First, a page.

Definitely. On the flip side what would you say is your biggest beauty regret?

VD: Probably blue mascara when I was like 20 years old. And it was like a neon blue! And I would put a lot of it on. You could not tell me that I was not making the best makeup choices, and I would be amazed that people wouldn't be throwing compliments at me. Not to say I'm against graphic makeup—I guess it would work now if I had some skillful makeup artist put it on me, but yeah...I just didn't know how to do it back then.

Since we're sharing all the beauty secrets, what is the best beauty secret someone has taught you?

VD: You know there's been so many—and so many that I didn't listen to. Hence the blue mascara. But you know what? The best thing anyone ever told me is to make sure all of your makeup is off your skin when you go to bed. And I know that that's really, really simple, but when I was younger, I had large pores and breakouts all over. And I never knew where they came from until I realized that mindlessly wiping my face for two seconds and jumping into bed wasn't enough. Now, I make sure to steam, cleanse, exfoliate, and moisturize—and it's made all the difference. I have people who I grew up with come up to me and say that I look better now than I did when I was in high school. At first, I got a little bit offended by that, until I thought about it and realized someone telling you that you look better at 55 than you did at 17 is a pretty great compliment.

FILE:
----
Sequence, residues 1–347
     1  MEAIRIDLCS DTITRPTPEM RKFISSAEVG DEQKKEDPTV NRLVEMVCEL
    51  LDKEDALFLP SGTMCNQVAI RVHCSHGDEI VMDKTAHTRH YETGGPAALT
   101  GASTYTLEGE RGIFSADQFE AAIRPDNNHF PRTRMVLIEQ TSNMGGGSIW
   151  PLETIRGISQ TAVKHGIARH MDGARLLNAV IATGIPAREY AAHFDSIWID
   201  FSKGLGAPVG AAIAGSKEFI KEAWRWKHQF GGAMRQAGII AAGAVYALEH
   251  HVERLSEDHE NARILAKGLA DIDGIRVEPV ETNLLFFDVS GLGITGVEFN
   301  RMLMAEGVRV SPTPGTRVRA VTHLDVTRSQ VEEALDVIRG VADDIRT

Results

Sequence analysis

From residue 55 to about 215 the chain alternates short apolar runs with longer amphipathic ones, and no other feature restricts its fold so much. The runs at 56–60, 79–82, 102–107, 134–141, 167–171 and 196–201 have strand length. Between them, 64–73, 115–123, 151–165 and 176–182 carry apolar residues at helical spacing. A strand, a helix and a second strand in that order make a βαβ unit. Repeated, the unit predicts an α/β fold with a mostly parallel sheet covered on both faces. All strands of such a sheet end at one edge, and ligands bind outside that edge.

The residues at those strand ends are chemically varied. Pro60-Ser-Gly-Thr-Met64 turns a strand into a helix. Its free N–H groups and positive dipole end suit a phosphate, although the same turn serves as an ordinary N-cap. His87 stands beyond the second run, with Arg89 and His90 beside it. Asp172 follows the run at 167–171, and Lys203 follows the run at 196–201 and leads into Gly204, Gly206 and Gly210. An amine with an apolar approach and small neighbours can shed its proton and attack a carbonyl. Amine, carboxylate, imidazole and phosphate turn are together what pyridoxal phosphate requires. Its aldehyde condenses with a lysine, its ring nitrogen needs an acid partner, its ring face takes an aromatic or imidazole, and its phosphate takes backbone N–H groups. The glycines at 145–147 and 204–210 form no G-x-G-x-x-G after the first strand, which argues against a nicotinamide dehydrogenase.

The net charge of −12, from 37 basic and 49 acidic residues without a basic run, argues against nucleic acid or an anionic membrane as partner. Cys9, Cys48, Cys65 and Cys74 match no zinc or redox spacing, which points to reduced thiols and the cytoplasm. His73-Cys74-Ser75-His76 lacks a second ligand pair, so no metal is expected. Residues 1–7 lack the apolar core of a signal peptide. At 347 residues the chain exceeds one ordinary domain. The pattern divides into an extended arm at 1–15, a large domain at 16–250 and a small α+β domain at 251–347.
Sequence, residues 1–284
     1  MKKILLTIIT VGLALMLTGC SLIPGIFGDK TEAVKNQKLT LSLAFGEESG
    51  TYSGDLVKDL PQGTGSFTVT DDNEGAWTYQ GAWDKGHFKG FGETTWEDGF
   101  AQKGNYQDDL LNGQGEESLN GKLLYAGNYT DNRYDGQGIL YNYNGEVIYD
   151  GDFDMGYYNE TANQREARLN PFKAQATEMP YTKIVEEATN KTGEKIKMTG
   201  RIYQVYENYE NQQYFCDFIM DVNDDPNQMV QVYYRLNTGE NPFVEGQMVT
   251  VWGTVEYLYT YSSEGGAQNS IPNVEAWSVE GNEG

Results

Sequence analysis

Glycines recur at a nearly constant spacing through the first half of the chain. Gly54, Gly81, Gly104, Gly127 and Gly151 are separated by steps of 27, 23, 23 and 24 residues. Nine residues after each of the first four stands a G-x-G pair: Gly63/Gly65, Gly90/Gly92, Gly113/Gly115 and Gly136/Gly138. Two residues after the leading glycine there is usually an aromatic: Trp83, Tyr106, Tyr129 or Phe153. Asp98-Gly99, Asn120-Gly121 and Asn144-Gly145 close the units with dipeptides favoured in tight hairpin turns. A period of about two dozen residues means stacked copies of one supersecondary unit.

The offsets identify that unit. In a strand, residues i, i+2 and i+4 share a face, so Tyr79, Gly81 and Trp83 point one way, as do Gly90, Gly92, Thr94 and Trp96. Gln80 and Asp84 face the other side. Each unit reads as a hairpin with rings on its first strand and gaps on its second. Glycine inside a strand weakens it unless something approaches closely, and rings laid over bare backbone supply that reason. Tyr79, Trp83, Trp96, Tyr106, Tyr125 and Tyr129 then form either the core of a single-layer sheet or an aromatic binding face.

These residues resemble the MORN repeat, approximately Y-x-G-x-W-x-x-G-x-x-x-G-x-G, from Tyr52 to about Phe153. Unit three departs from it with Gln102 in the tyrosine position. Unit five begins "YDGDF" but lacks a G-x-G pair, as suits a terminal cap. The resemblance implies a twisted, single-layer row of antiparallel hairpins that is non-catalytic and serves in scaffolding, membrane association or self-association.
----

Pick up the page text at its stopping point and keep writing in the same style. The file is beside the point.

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During the pandemic, it seems a lot of us have become more simplistic in our approach to beauty. And self-care is so important these days, what are some of your tips for doing self-care right?

VD: One is making time for it. You can't feel like everything else is more important—self-care is just as high on the radar as work. For me, my self-care regime doesn't stop until I'm in bed. It's more of a lifestyle: I take Epsom salt baths, apply essential oils in the shower, tune into the Calm app, turn on diffusers, and use every kind of skincare and anti-aging treatment, which now starts with L'Oréal's Cell Renewal Midnight Serum ($33; walmart.com). I'm more of a bathroom girl than a closet girl, so I love taking care of my skin—I even do my husband's skincare! I do whatever makes me feel good, because there's so many intrusive elements out there that don't make you feel good. If skincare—which is something within my power—can make me feel better, I'm going to get a boatload of it and smear it all over my face.

In a way, self-care is really celebrating what it means to be alive.

However, what people need to understand is that self-care is very different from self-help. And I think that's really important, because another part of my self-care routine is being with my daughter and my husband. It's having really great, transparent conversations with friends over Zoom calls. It's OK to ask for help, and that's a part of my self-care too.

I think people being at home are finally understanding that simply being healthy and happy means so much. In a way, self-care is really celebrating what it means to be alive. And that means just embracing yourself and your family. I actually just said that to my husband this morning. I said, "I'm happy to have you. I'm happy to just be sitting in the backyard with you, I'm happy with you just staring into my face and me staring into yours." That loving mentality is how we should see self-care.